Argentina: Monthly Report SBS

A more robust policy path, but at significant political cost 29/06/2018




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Facing the underlying risks of gradualism. Recent global market turbulences have exacerbated the negative effects of the unforced errors that the government has been making since December, stressing the local market and leading the authorities to seek IMF assistance. Confronted with the risks embedded in its gradual strategy, the government chose to stabilize local markets despite knowingly facing a significant political cost. And the international support to the chosen policy path was extraordinary, with an agreement that demands an extra fiscal effort and strengthens monetary policy, while it also allows the government to remain out of global debt markets for some time. More than ever, authorities have confirmed their understanding of the importance of fiscal consolidation, standing up to their word when they promised to accelerate fiscal adjustment in case the context demanded it. Overall, we are now facing a more robust policy path, though at a significant political cost.  

Sailing against the tide. The economy grew at a very fast pace in 1Q18, though it is now going through a recession. The toughest drought in decades was then combined with a severe flood, monetary policy became gradually restrictive despite lagging expectations, fiscal policy should continue to harden, real incomes are being eroded by inflation ac-celeration and the recent volatility spike was a final blow to confidence that may well challenge a solid investment demand. Against this backdrop, the IMF agreement significantly reduces risks and creates the conditions for the recession to be short lived. So, as long as the government manages to stabilize expectations, the reversal of some transitory factors and an improvement in most economic indicators could lead to an activity rebound as soon as 4Q18 and better economic performance during next year.

A revamped monetary policy framework. Federico Sturzenegger’s resignation to the BCRA, and the appointment of Luis Caputo as the new Governor, presents a unique opportunity to revamp a monetary policy framework that could well use an extra dose of credibility. This time, the new inflation targets are much better aligned with the rest of the economic policy, while some aspects of the IMF agreement significantly increase BCRA’s firepower. Even as the first policy changes proved effective, inflation continues to be challenging and credibility rebuilding will likely take time and be costly.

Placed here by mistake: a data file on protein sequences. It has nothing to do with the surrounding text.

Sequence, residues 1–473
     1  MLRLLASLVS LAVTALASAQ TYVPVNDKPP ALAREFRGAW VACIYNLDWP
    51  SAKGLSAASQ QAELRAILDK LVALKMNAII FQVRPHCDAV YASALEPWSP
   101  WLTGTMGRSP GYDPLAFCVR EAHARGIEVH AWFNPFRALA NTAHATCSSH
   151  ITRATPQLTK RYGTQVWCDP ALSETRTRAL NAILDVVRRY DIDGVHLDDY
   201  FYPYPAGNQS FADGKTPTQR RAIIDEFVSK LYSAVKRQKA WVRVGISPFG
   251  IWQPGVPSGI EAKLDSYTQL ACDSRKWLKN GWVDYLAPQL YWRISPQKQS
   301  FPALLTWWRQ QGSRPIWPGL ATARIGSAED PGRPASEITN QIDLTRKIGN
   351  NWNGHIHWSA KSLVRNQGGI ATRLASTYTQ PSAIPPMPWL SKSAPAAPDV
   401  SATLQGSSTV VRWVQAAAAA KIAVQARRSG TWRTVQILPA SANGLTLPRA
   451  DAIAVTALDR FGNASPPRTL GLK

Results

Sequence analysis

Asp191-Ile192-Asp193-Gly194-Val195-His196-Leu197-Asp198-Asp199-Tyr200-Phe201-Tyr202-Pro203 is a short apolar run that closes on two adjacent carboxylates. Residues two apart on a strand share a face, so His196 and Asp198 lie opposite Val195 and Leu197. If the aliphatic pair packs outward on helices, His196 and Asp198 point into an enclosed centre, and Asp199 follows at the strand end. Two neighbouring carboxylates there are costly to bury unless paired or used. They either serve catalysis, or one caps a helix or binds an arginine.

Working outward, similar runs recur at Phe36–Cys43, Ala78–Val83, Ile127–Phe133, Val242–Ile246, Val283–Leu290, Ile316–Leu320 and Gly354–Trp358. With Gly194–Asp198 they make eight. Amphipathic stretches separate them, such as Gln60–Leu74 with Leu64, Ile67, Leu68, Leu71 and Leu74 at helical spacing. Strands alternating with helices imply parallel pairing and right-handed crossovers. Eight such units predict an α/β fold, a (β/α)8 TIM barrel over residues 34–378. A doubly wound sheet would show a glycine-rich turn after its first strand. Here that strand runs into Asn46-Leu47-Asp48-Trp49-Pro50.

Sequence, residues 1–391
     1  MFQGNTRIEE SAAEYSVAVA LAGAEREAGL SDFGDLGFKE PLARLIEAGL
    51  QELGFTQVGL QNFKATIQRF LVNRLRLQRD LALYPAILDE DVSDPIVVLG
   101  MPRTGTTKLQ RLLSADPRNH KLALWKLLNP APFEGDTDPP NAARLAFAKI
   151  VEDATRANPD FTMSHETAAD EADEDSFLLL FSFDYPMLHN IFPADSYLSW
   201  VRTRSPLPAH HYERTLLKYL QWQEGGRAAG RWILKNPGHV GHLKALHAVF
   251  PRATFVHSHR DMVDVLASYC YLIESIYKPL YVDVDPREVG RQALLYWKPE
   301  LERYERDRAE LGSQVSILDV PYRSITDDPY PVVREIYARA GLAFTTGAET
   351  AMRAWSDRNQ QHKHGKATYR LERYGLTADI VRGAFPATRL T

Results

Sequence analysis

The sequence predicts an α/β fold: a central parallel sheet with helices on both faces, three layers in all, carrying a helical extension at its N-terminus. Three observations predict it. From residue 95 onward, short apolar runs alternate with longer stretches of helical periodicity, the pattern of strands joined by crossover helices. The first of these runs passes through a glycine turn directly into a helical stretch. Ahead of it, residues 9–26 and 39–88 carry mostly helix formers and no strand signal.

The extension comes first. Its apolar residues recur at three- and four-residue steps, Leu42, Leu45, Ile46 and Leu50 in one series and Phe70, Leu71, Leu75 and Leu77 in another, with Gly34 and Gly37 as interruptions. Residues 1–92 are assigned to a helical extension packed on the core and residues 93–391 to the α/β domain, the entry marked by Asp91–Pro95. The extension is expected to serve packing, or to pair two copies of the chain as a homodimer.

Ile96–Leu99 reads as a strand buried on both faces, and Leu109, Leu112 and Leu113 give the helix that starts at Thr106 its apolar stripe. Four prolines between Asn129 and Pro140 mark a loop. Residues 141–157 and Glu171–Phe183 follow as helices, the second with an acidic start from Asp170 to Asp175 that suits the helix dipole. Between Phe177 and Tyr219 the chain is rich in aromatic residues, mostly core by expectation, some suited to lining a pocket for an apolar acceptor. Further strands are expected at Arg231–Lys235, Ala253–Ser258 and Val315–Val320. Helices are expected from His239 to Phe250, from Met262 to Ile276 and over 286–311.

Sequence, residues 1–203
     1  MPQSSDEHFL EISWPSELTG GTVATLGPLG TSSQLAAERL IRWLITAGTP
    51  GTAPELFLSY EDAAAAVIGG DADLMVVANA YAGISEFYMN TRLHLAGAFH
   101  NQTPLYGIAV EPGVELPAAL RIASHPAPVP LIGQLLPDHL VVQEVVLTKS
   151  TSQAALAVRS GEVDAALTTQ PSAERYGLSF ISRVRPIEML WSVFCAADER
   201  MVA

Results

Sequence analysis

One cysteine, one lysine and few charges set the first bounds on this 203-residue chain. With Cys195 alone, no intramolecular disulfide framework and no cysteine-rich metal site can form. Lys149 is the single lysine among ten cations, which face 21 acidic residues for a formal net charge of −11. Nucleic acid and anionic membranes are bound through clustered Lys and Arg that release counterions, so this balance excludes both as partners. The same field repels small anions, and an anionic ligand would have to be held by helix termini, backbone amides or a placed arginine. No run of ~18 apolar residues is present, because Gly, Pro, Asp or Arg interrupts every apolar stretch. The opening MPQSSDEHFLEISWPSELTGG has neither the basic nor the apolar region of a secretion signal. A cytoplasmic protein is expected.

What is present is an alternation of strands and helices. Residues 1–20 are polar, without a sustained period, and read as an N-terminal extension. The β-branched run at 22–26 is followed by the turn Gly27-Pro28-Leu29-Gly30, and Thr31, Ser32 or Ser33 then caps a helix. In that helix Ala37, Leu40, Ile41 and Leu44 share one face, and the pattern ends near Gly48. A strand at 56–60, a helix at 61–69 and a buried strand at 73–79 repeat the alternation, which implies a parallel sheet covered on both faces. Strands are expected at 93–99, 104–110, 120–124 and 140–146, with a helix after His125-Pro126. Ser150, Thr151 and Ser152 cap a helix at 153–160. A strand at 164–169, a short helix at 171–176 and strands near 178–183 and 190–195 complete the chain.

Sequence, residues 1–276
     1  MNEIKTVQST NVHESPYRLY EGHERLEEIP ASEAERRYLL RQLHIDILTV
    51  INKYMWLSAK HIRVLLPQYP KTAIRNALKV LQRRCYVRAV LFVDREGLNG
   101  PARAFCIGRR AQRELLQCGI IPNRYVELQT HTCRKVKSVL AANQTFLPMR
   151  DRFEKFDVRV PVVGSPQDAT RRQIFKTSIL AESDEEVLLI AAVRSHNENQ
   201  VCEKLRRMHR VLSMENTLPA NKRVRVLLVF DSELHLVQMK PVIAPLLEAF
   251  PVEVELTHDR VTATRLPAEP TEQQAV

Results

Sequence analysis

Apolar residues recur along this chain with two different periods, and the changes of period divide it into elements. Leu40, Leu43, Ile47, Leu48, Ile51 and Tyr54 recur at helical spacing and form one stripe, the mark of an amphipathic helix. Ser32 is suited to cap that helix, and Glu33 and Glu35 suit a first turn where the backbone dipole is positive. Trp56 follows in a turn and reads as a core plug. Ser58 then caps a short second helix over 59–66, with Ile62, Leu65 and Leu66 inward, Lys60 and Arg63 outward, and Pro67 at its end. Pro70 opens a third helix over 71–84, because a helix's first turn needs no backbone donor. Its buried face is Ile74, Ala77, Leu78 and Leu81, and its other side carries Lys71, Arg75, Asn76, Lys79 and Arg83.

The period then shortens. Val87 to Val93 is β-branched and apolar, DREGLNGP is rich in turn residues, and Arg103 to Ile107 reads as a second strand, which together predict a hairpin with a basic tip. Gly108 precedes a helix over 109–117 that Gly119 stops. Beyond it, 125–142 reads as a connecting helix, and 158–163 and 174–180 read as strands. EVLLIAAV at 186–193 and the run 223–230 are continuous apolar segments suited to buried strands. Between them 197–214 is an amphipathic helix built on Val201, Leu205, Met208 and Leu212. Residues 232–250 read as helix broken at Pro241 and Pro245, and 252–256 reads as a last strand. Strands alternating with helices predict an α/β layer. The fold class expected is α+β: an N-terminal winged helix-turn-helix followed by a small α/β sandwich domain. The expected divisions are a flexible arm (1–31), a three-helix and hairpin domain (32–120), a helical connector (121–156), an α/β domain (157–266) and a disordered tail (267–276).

Fiscal consolidation accelerates, with financing risks off the horizon. Fiscal improvement since early 2017 has been probably the best policy achievement so far, and it is even picking up further pace. The primary deficit fell 71.3% y/y in May, reaching a cumulative 3.0% of GDP in the trailing 12 months that leaves the government very well positioned ahead of this year’s 2.7% target. Expecting an over-achievement of this goal, as long as the economic slowdown does not significantly hurt revenues the government could even have some extra room to pay 2019 expenses in advance, easing next year’s fiscal effort. In the meantime, the IMF agreement means the government would not need to return to debt markets at least until next year. Still, further structural reforms will be key to resume spread compression, especially in a global context that promises to turn even more challenging.

And the suggested trades are... The government’s conviction to continue moving forward with deficit reduction and its anti-inflationary commitment were under siege. In this respect, seeking IMF assistance seems a healthy choice and guarantees the sustainability of the chosen policy path. This, combined with some positive moves from the government and an opposition with no favorable policy results in the past and lacking alternative leadership, are our main reasons to expect a change in current trends. Still awaiting further signs of stabilization despite recent changes, we believe it is not yet time to increase risk exposure. Among sovereign hard currency bonds, we rather receive the short end of the curve and strongly believing duration should not exceed DICY in the belly. Awaiting increased peso stability before increasing duration in local currency, we consider short term Lebacs offer the best risk-return profile, while the short end of the CER curve (AF19) also remains attractive. Finally, the upgrade to Emerging Market status by MSCI should provide some oxygen and renew convictions for equity investors, favoring companies with ADRs that would make it into the indices. We favor GGAL among banks, YPF and PAM as attractive bets in the energy sector and CEPU and TGS among utilities.











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Sebastián Cisa, CFA

Int.116 / scc@gruposbs.com


María Laura Segura
Int. 115 / mls@gruposbs.com


Francisco Bordo Villanueva
Int.114 / fbv@gruposbs.com


Mauro Pérez
Int.133 / mp@gruposbs.com


Adrián Yarde Buller
Int.167 / ayb@gruposbs.com




Damián Zuzek, CIIA
Int. 223 / dz@sbsfondos.com


Cristian Brau, CFA
Int. 218 / cb@sbsfondos.com


Emilio Muiña
Int. 120 / em@sbsfondos.com


Gustavo Giugale
Int. 132 / gg@sbsfondos.com



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